A Simon effect occurs when the irrelevant spatial attributes of a stimulus conflict with choice responses based on non-spatial stimulus attributes. Many theories of the Simon effect assume that activation from task-irrelevant spatial attributes becomes available before the activation from taskrelevant attributes. We refer to this as the time-difference account. Other theories follow a magnitude-difference account, assuming activation from relevant and irrelevant attributes becomes available at the same time, but with the activation from irrelevant attributes initially being stronger. To distinguish these two accounts, we incorporated the responsesignal procedure into the reach-to-touch paradigm to map out the emergence of the Simon effect. We also used a carefully calibrated neutral condition to reveal differences in the initial onset of the influence of relevant and irrelevant information. Our results establish that irrelevant spatial information becomes available earlier than relevant non-spatial information. This finding is consistent with the time-difference account and inconsistent with the magnitude-difference account. However, we did find a magnitude effect, in the form of reduced interference from irrelevant information, for the second of a sequence of two incongruent trials.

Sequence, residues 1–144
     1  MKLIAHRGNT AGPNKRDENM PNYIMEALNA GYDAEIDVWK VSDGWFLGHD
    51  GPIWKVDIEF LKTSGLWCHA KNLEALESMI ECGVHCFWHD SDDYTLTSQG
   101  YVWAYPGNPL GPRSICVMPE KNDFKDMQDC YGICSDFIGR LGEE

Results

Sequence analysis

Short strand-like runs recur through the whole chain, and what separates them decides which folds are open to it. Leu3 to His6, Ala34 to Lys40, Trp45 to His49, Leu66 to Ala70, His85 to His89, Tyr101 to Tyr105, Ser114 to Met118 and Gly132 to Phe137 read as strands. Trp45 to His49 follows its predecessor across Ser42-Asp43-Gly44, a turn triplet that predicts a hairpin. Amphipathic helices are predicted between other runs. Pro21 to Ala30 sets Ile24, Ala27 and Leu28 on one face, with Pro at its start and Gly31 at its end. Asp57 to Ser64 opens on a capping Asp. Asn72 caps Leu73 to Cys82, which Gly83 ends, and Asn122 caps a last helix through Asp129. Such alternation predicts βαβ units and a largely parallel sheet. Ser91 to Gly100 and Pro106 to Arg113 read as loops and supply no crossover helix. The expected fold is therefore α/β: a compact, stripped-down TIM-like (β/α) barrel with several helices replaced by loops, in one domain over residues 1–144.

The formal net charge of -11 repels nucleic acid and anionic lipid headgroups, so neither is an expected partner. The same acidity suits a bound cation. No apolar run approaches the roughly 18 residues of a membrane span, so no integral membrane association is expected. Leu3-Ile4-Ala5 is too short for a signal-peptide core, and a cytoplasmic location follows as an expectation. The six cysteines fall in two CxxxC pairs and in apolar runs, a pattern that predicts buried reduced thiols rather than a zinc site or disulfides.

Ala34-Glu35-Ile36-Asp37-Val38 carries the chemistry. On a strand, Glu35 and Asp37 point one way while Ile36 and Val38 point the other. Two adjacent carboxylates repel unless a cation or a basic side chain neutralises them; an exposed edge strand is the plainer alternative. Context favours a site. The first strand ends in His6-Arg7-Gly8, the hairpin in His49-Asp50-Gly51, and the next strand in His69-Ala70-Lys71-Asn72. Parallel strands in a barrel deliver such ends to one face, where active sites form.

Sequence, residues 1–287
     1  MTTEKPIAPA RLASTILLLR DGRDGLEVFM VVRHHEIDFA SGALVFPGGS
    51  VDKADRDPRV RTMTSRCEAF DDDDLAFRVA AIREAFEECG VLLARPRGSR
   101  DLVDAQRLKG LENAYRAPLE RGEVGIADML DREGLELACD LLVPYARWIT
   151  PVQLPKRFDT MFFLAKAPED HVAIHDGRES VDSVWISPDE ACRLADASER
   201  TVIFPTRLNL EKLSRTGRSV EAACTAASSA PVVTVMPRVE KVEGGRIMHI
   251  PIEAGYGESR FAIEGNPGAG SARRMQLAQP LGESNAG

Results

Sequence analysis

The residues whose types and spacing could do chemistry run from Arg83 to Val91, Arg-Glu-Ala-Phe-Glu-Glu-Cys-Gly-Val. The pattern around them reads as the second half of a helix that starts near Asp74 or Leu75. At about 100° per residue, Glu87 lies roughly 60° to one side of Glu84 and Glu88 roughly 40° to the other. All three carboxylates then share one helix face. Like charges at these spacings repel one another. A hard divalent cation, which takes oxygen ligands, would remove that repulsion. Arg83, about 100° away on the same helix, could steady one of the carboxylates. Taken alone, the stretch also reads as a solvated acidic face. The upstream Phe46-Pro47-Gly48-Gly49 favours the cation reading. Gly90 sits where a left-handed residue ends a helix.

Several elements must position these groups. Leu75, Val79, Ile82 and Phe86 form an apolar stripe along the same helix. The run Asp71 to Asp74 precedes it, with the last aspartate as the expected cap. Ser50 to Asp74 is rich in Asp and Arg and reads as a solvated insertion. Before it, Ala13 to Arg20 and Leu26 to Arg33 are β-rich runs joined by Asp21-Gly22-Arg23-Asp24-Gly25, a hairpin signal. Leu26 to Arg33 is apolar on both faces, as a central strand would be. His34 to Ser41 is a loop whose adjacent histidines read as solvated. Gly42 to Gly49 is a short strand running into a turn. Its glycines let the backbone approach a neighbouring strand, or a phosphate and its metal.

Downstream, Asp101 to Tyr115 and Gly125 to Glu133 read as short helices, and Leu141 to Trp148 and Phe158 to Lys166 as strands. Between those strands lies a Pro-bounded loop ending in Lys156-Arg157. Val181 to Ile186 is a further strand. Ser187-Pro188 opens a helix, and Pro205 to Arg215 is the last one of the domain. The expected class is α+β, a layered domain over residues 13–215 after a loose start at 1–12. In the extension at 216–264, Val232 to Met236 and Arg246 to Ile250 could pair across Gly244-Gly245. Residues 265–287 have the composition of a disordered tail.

- Cognitive control
- Selective attention